Interview: Giulio Ranzo, CEO, Avio

Avio The European (small) launcher industry is developing at a rapid pace – many new vehicles are currently under development while more launch sites are becoming available across the continent. Small launch organisations aim to provide launch opportunities for the small satellite market soon.

We caught up with Giulio Ranzo, CEO of European small launcher organisation Avio.


 It is an exciting time for small launch vehicle manufacturers. What is the status of development of the next-gen Avio-build launcher, the Vega C? Are you still aiming for the maiden flight to take place in 2019?

Avio is perfectly on track with the Vega C development activities. Indeed, respectively in March and July 2018, we carried out the bench tests of the launcher’s second and first  stages, namely the Z40 SRM and the P120C SRM, the last one being the common element of the future Vega C and Ariane 6. All the other launcher parts under development at our partners’ and suppliers’ facilities (structures and avionics, above all) are following the timeline leading to the Vega C maiden flight by the end of 2019.


Avio is making great strides with the development of the lightweight P120C solid motor, which will be used in both the first stage booster of Vega C as well as the boosters of the Ariane 6 heavy launch vehicle – it recently performed its first static firing test successfully. What are the challenges and opportunities of using motor engines for large and small vehicles?

Avio logoThe P120C will be the Vega C first stage, while it will equip the Ariane 6 launcher as a booster engine (two boosters for the A62 light version and four for the A64 heavy). This engine represents a propulsive element able to boost, respectively, a two-ton, a-five ton and a 10-ton launch vehicle.

For Avio, the great opportunity is to benefit from producing the P120C at a great yearly rate (say 35 per year for combined Vega C and Ariane 6 volumes), thus lowering the manufacturing unit cost. The main challenge is that the boosters need to be exactly identical in performance and that the annual production rate might be in excess of 30 units, which requires modern industrial infrastructure and lean processes. We are confident because we have realised new factories that are ready to fulfill the promise. 


Vega C carries a fourth stage that can carry multiple satellites of different sizes to orbit. It is also capable of stop-starting its engine. What makes this fourth stage so unique?

The Vega C’s fourth stage is similar to the Vega one: same engine and greater liquid fuel tanks able to perform up to 10 stop/start operations. This allows for greater orbital manoeuvres – not only small plane changes, but also altitude and RAAN changes. The uniqueness of this stage lies, therefore, in its ability to serve multiple customers taking them at different orbits during the same flight. We call it flexibility and versatility. This propulsive stage uses storable propellants both for the main thrust and for the roll and altitude control, which means that it does not have the time limitations in operation that a cryogenic upper stage would have. The main motor, the MEA, has demonstrated a strong robustness in the flights carried out so far.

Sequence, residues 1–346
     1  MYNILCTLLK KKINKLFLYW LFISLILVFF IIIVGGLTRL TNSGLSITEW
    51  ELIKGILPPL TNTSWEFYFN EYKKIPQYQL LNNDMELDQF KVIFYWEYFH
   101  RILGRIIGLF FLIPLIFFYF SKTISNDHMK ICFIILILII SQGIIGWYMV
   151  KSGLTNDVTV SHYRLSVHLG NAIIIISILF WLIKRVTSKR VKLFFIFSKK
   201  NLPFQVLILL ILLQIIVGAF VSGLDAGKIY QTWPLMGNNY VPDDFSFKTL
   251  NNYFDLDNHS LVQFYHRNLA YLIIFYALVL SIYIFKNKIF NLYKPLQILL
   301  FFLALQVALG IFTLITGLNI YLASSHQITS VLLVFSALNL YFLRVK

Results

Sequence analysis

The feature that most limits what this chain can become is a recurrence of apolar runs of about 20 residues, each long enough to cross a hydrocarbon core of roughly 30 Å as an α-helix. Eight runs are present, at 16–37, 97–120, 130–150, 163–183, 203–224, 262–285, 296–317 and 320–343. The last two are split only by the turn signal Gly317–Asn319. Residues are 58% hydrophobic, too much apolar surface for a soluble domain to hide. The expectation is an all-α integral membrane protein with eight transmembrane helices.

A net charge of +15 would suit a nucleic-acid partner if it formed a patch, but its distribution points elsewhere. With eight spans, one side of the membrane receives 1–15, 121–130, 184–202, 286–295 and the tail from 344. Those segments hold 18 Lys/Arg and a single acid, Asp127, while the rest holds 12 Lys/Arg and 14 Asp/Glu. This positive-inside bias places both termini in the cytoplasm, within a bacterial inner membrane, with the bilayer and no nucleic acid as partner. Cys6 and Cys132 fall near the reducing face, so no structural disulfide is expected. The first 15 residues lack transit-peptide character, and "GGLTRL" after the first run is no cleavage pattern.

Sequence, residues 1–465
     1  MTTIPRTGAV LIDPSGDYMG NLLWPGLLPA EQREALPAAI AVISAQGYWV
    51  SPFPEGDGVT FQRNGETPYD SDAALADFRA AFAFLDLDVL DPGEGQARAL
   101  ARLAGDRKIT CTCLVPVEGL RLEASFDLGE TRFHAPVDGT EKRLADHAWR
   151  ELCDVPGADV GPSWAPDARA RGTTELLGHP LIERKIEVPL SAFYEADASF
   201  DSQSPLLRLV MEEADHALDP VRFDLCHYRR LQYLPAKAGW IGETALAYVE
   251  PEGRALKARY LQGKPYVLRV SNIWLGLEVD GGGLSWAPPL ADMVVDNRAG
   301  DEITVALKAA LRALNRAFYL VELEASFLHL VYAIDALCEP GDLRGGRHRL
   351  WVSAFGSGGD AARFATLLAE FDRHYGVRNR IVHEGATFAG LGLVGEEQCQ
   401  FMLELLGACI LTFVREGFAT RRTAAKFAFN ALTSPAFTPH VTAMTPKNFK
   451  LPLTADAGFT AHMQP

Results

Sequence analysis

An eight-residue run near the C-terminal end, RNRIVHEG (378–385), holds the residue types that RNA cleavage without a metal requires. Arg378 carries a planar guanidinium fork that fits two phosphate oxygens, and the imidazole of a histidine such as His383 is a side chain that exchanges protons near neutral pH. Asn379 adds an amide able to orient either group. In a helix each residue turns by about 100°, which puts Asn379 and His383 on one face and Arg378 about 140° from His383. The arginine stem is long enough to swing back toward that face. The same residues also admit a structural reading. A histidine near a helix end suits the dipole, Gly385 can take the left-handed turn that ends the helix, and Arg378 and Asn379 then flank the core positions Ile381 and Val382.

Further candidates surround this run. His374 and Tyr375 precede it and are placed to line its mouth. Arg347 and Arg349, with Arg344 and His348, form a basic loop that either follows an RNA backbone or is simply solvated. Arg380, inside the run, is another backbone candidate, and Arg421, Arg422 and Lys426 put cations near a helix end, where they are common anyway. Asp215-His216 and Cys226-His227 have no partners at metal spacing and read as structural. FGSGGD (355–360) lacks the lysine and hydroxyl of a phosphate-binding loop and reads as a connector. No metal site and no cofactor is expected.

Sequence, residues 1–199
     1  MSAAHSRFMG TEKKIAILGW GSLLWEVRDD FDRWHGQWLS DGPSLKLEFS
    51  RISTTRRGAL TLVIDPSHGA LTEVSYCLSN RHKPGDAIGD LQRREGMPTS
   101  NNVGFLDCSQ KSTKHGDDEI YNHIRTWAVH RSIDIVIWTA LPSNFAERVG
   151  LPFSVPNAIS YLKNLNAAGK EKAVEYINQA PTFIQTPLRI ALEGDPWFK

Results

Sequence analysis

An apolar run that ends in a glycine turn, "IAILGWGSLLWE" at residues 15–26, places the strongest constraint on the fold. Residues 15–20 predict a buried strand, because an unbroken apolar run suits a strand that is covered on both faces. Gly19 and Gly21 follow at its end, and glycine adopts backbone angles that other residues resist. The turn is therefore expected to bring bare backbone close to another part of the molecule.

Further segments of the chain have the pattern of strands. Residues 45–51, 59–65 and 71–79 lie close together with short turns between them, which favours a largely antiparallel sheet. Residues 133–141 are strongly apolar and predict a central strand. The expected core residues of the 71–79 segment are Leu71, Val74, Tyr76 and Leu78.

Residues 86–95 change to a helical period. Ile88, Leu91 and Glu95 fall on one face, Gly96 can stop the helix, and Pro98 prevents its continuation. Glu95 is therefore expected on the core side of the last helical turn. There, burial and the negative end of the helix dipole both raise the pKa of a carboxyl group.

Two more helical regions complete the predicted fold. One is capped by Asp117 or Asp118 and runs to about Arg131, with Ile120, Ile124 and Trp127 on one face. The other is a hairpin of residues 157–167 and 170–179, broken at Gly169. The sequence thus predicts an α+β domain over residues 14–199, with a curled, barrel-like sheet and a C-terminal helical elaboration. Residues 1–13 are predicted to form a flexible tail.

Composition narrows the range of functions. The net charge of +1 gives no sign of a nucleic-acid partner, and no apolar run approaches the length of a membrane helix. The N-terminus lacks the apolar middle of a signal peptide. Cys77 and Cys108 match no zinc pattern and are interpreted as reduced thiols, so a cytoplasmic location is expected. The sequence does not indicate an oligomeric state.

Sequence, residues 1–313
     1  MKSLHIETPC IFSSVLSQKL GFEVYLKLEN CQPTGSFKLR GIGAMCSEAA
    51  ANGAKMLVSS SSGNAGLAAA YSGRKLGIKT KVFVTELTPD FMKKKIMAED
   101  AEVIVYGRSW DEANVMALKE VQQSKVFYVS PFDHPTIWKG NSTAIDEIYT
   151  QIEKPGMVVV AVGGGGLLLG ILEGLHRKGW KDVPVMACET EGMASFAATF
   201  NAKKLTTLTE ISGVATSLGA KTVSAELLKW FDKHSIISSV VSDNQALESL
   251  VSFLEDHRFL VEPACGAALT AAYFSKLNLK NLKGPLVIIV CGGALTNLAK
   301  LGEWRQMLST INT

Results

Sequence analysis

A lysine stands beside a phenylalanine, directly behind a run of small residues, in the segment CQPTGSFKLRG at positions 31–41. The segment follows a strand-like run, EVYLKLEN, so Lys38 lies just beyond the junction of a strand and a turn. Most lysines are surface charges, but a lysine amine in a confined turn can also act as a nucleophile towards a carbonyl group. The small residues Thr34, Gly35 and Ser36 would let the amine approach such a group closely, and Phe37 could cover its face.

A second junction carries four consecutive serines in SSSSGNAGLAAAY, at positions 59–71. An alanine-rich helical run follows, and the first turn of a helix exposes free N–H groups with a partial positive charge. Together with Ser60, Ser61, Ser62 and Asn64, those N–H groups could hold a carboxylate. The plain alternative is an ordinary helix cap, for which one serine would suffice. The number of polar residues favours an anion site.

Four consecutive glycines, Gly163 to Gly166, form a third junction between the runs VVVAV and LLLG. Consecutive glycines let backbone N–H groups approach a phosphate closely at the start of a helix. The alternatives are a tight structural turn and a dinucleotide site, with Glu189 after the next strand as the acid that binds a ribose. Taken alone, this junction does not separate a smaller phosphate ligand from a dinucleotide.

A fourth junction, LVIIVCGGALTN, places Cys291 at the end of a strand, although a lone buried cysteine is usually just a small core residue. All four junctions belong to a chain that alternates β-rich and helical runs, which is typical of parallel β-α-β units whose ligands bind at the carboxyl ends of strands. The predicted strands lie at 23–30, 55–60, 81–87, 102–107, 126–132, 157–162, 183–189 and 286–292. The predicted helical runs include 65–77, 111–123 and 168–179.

Avio is working on the ESA small launcher competition. How is the study going for you so far and can you give us an update on the status of the study?

The study is now coming to an end and a business case has been presented to ESA. We don’t talk a lot on this topic, but with a concept like ours – based on a Vega derived and simplified configuration and with a streamlined concept of operations – we believe that Avio will be able to deliver an effective dedicated service to those payloads that need a low cost, and flexible and responsive access to space. We are convinced that for small launchers, solid propulsion technology is the right choice to optimise economics and to ensure meeting the responsiveness requirements (i.e. be able to launch with relatively short notice).  


The smallsat industry is expected to grow rapidly in the next couple of years, with many constellations planned. How do you see the European smallsat market developing in the next decade and what will that mean for Avio?

It will mean a lot for Avio! Today, most of the (commercial) market is concentrated in the USA and is accessible to any launchers, but we believe Europe will also see growth. Euroconsult forecasts some 7,000 units to be launched by 2027, with constellations accounting for 80% of the future demand. That is why Avio is developing and upgrading the Vega launcher with structures and services tailored for these smallsats (for example, the Vega C’s Vampire payload Adapter, the SSMS Dispenser, the Space Rider and other modules). All these elements will be able to serve our customers by offering rideshare solutions at accessible prices and they represent Avio’s response to this growing segment of the market.


We look forward to welcoming you to Space Tech Expo Europe in November 2019. What are the priorities for your company in the coming year?

We aim at further consolidating our role in the space segment: next year’s SSMS PoC flight and Vega C maiden flight are our priorities to demonstrate our ability to launch any type of satellites (from 1kg to two tons) in any orbits, for any customers. We are leaders in solid propulsion. It will therefore be fundamental to achieve our goals in the frame of liquid propulsion as well, with the Vega E upper stage currently under development. But we need to stay focused on the market evolutions, following its shift towards constellations of commercial smallsats. Vega and its evolutions must continuously adapt to these changes.